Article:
Species differences in grouping: estrildid finches
Species-typical patterns of grouping have profound impacts on many aspects of physiology and behavior. However, prior to our studies in estrildid finches, neural mechanisms that titrate species-typical group size preferences, independent of other aspects of social organization (e.g., mating system and parental care), have been wholly unexplored, likely because species-typical group size is typically confounded with other aspects of behavior and biology.
An additional complication is that components of social organization are evolutionarily labile and prone to repeated divergence and convergence. Hence, we cannot assume that convergence in social structure has been produced by convergent modifications to the same neural characters, and thus any comparative approach to grouping must include not only species that differ in their species-typical group sizes, but also species that exhibit convergent evolution in this aspect of social organization.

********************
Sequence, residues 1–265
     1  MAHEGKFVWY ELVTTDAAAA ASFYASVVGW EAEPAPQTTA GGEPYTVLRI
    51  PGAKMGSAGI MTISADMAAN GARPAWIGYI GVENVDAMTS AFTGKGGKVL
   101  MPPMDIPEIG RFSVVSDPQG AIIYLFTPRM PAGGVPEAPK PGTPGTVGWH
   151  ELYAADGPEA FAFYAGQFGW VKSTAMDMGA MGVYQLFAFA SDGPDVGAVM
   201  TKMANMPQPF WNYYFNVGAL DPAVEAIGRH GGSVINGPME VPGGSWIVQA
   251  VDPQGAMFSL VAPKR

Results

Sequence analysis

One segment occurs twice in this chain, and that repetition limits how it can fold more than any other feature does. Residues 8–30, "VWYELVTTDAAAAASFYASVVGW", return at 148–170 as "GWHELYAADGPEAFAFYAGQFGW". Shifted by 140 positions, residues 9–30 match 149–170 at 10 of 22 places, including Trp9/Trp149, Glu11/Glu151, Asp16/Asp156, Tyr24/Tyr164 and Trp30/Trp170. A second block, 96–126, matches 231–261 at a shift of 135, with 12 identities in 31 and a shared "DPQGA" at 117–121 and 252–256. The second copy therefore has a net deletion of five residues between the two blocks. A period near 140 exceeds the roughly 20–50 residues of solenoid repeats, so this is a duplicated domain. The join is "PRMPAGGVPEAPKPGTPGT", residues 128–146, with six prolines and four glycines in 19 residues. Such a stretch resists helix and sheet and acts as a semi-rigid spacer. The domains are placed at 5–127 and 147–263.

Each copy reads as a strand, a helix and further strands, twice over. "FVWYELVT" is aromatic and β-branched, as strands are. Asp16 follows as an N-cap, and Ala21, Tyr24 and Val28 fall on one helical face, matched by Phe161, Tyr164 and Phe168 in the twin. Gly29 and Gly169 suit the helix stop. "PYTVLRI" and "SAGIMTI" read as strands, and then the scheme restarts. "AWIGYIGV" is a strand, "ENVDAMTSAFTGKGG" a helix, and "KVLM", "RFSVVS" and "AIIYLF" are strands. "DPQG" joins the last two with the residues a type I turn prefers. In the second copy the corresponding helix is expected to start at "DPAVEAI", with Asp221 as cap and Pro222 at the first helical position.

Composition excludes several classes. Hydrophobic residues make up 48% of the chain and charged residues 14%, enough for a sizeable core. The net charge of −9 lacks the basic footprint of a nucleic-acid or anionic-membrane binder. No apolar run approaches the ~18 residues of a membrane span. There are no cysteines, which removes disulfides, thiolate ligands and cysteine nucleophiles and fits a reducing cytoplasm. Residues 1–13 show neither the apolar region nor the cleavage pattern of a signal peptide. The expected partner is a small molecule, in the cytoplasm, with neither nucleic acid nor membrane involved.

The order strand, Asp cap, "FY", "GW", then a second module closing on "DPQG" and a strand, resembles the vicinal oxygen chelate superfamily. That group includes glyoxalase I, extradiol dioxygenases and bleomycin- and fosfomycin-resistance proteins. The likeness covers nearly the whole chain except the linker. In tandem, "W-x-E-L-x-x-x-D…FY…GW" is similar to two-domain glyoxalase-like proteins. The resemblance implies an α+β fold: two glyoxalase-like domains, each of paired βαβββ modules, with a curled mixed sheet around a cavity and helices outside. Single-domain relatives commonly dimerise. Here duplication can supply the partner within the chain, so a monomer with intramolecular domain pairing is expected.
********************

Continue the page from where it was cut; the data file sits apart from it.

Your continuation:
Using five estrildid finch species that differ selectively in grouping (all biparental and monogamous) we have demonstrated that neural motivational systems evolve in predictable ways in relation to species-typical group sizes, including convergence in two highly gregarious species and convergence in two relatively asocial, territorial species. These systems include nonapeptide (vasotocin and mesotocin) circuits that encode the valence of social stimuli (positive-negative), titrate group-size preferences, and modulate anxiety-like behaviors.
Nonapeptide systems exhibit functional and anatomical properties that are biased towards gregarious species, and experimental reductions of nonapeptide signaling by receptor antagonism and antisense oligonucleotides significantly decrease preferred group sizes in the gregarious zebra finch. Combined, these findings suggest that selection on species-typical group size may reliably target the same neural motivation systems when a given social structure evolves independently.